CLEMMONS — Stuart Fuller could feel the Einstein family bearing down on him, but he never wavered in the final round of the 72nd Forsyth Invitational at Tanglewood Park’s Championship Course on Sunday afternoon.
Fuller shot a 1 over 71 to do just enough to hold off Brandon Einstein and his father, Greg, who stayed within striking distance all day. Fuller watched Brandon miss a 12-foot birdie putt on the 18th hole that would have forced a playoff.
“Brandon’s such a good player I expected him to make it, but it just slide by,” said Fuller, a rising junior at Wofford College who was playing in his first Forsyth Invitational. “Both Brandon and his dad and Chris (Logan) were all chasing me so I knew I had to put together some kind of a round to stay in the lead.”
Also chasing Fuller from the foursome in front was Mark Johnston, who shot a 69 to finish two shots back.
Fuller had no idea about Johnston’s run at the lead, but he did keep an eye on both of the Einsteins, who were going for their first Forsyth Invitational. Greg, 52, and Brandon, a rising sophomore at High Point University, were just one shot back heading to the 18th hole.
Fuller pulled his tee shot to the left on the par 4 and had to negotiate going around a tree on his 150-yard approach to a pin that was tucked to the left. He decided to take his pitching wedge, and out of the rough, hit what was the winning shot of the tournament.
“I had to sling it around that tree about 30 yards and I was hoping that my adrenaline would kick in so that’s why I hit wedge, but I pulled it off,” Fuller said.
His approach found the green to the right about 40 feet away, but he hit a near-perfect first putt to within inches and tapped in for par.
Brandon hit his approach to within 12 feet while Greg found the front bunker on his approach, and his shot out of the bunker was short.
The only drama left was for Brandon to try and send it to a playoff.
“I hit it just a little too hard and it didn’t break,” said Brandon, who hit 17 of 18 greens but couldn’t find his touch with his putter. “What can I say? I was around the cup all day but couldn’t make anything.”
Brandon, who was also runner-up to Uly Grisette in 2017, wound up shooting 69 and finished at 7 under for the tournament, one shot back. Greg, who shot 71, finished three shots back and and Johnston was two shots back.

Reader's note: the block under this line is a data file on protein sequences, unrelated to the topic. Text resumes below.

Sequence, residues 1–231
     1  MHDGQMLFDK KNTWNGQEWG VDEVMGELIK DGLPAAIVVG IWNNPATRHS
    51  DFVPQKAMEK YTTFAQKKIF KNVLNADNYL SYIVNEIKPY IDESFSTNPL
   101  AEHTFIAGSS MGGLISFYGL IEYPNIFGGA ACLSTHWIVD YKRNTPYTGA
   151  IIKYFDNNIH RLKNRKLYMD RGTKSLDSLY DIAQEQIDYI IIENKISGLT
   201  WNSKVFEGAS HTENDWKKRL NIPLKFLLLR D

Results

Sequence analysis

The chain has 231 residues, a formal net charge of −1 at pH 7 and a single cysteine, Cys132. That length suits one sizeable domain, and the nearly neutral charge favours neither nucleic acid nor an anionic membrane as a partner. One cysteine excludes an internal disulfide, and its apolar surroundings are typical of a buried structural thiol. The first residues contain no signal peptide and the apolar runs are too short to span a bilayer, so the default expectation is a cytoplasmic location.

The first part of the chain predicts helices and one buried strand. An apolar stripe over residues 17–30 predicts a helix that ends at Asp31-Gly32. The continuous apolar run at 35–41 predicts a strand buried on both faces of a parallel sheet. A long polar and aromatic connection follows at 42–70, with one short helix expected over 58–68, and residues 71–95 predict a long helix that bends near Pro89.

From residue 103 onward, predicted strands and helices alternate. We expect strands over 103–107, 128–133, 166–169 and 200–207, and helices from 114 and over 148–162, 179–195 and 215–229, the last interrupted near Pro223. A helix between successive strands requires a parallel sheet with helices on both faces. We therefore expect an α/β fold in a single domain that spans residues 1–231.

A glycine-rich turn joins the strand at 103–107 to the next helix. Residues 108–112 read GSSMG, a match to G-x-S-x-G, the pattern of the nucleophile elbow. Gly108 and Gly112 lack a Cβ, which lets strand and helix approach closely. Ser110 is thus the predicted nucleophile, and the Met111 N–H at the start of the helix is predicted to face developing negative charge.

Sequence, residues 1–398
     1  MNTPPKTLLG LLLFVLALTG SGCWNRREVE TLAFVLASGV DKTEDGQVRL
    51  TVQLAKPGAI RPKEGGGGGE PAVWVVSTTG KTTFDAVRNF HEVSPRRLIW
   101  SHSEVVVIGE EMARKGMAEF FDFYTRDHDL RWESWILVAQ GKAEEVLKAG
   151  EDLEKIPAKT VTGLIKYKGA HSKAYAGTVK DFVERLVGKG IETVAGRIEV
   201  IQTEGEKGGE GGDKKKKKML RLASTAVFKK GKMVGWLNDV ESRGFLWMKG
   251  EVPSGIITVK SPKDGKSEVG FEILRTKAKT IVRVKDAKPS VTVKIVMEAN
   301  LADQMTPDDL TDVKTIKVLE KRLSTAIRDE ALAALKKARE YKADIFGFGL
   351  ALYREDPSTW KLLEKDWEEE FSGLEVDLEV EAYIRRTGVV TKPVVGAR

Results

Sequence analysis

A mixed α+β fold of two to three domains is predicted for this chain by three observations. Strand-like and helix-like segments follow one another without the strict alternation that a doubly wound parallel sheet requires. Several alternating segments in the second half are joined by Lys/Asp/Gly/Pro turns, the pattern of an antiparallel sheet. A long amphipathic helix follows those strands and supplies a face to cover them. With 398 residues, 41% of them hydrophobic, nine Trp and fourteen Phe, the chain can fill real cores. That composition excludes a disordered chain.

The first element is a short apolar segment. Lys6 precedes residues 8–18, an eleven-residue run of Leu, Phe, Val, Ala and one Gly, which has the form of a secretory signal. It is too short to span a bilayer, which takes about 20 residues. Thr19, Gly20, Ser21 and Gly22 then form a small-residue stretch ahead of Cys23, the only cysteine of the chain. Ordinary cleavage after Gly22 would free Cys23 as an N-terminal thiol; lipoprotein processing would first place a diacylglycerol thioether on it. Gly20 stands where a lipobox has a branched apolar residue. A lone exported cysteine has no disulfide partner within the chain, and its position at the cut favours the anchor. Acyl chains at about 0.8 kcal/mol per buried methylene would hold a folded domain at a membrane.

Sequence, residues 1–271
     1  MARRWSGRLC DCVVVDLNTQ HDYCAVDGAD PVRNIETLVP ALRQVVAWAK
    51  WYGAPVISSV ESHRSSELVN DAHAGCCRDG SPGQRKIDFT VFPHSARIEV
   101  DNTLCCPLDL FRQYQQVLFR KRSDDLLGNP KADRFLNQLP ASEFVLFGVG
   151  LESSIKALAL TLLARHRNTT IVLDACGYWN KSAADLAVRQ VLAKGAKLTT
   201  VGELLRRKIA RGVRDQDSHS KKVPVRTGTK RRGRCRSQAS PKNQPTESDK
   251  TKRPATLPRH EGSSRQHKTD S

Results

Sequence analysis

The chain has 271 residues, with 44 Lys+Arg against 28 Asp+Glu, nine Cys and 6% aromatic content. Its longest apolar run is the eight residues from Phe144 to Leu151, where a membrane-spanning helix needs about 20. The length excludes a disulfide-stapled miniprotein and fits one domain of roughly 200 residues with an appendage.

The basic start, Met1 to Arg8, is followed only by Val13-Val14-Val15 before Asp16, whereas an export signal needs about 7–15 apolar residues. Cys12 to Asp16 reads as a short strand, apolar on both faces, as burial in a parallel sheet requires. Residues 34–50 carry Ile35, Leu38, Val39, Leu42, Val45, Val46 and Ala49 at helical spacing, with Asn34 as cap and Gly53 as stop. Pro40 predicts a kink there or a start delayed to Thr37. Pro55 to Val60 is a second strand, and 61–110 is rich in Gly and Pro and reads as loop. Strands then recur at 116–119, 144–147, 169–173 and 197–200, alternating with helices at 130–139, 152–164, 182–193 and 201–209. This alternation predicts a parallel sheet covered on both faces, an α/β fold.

Fuller, whose family are members at Old Town, had his father, Winn, helping him along in the final round when he needed it.
“He really stayed steady throughout the whole tournament,” Winn said. “He really did a good job of staying focused and I think that was key.”
Fuller, who shot 65 at Reynolds Park on Friday and then 69 at Pine Knolls on Saturday, started Sunday with a three-shot lead on Logan and the two Einsteins. After nine holes he still had a three-shot lead on the Einsteins but Johnston trailed by just two.
“They had me really nervous because they are both great players,” Fuller said about the Einsteins. “We had a nice foursome and we all just kind of had our stretches. I had some nice par putts on the front side because I had eight pars and one bogey so I don’t think people realize how much those saving par putts help.”
Fuller was going against a long tradition of the Einstein family in the tournament. Freddy, who is Greg’s father and Brandon’s grandfather, won the 1973 tournament and was there on Sunday following the final foursome. Freddy remembers winning his one Forsyth Invitational by holding off Ron Morgan.
“It’s kind of cool to have all three generations here, so this was fun,” Greg said. “It’s tough for Brandon because he was around the hole all day and didn’t make anything, but he did well the whole tournament. And I’m happy the way I played because I hung in there to the end.”
Fuller had two birdies on the back side and a bogey at 16 that saw his lead dwindle to two. When Brandon birdied 17 both of the Einsteins were down one heading to 18.
Fuller said to win the Forsyth Invitational means a lot.
“Growing up here in Winston even though we moved to Chapel Hill for three years because my dad works for North Carolina, this is home,” Fuller said. “To win this tournament is pretty awesome and to end the summer like this bodes well as I get back to Wofford.”
Fuller and his family moved back to Winston-Salem from Chapel Hill in January. He nearly didn’t make it into the field.
“I had to drive my application to downtown to the recreation department the day before the deadline because I wanted to make sure I got in,” Fuller said. “I’m glad I drove the application down there because it turned out well for me. It was a lot of fun.”